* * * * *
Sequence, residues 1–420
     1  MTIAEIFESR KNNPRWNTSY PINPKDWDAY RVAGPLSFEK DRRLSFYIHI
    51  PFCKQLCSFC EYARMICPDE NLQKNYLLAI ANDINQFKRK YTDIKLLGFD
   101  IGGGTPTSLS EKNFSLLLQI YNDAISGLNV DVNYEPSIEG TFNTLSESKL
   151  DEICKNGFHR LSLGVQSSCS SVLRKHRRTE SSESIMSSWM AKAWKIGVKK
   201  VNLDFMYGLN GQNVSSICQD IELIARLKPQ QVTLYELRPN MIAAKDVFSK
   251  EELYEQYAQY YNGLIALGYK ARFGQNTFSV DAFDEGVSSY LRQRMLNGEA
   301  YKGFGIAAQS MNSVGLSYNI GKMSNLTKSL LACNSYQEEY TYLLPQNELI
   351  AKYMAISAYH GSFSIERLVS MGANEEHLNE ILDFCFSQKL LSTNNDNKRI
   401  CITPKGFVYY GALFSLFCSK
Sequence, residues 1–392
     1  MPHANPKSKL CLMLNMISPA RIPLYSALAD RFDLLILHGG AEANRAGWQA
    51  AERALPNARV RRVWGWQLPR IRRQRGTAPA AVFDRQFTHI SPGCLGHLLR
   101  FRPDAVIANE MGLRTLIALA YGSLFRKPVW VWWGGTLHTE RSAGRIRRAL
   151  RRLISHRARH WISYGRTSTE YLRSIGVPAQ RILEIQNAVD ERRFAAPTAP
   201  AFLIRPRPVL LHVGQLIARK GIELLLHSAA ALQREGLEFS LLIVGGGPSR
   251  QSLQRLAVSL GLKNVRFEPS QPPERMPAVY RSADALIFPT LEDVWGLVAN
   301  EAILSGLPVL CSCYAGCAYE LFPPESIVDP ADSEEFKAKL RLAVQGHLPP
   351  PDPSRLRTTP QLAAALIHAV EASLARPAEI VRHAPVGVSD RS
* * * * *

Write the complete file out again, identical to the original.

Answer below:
Sequence, residues 1–420
     1  MTIAEIFESR KNNPRWNTSY PINPKDWDAY RVAGPLSFEK DRRLSFYIHI
    51  PFCKQLCSFC EYARMICPDE NLQKNYLLAI ANDINQFKRK YTDIKLLGFD
   101  IGGGTPTSLS EKNFSLLLQI YNDAISGLNV DVNYEPSIEG TFNTLSESKL
   151  DEICKNGFHR LSLGVQSSCS SVLRKHRRTE SSESIMSSWM AKAWKIGVKK
   201  VNLDFMYGLN GQNVSSICQD IELIARLKPQ QVTLYELRPN MIAAKDVFSK
   251  EELYEQYAQY YNGLIALGYK ARFGQNTFSV DAFDEGVSSY LRQRMLNGEA
   301  YKGFGIAAQS MNSVGLSYNI GKMSNLTKSL LACNSYQEEY TYLLPQNELI
   351  AKYMAISAYH GSFSIERLVS MGANEEHLNE ILDFCFSQKL LSTNNDNKRI
   401  CITPKGFVYY GALFSLFCSK
Sequence, residues 1–392
     1  MPHANPKSKL CLMLNMISPA RIPLYSALAD RFDLLILHGG AEANRAGWQA
    51  AERALPNARV RRVWGWQLPR IRRQRGTAPA AVFDRQFTHI SPGCLGHLLR
   101  FRPDAVIANE MGLRTLIALA YGSLFRKPVW VWWGGTLHTE RSAGRIRRAL
   151  RRLISHRARH WISYGRTSTE YLRSIGVPAQ RILEIQNAVD ERRFAAPTAP
   201  AFLIRPRPVL LHVGQLIARK GIELLLHSAA ALQREGLEFS LLIVGGGPSR
   251  QSLQRLAVSL GLKNVRFEPS QPPERMPAVY RSADALIFPT LEDVWGLVAN
   301  EAILSGLPVL CSCYAGCAYE LFPPESIVDP ADSEEFKAKL RLAVQGHLPP
   351  PDPSRLRTTP QLAAALIHAV EASLARPAEI VRHAPVGVSD RS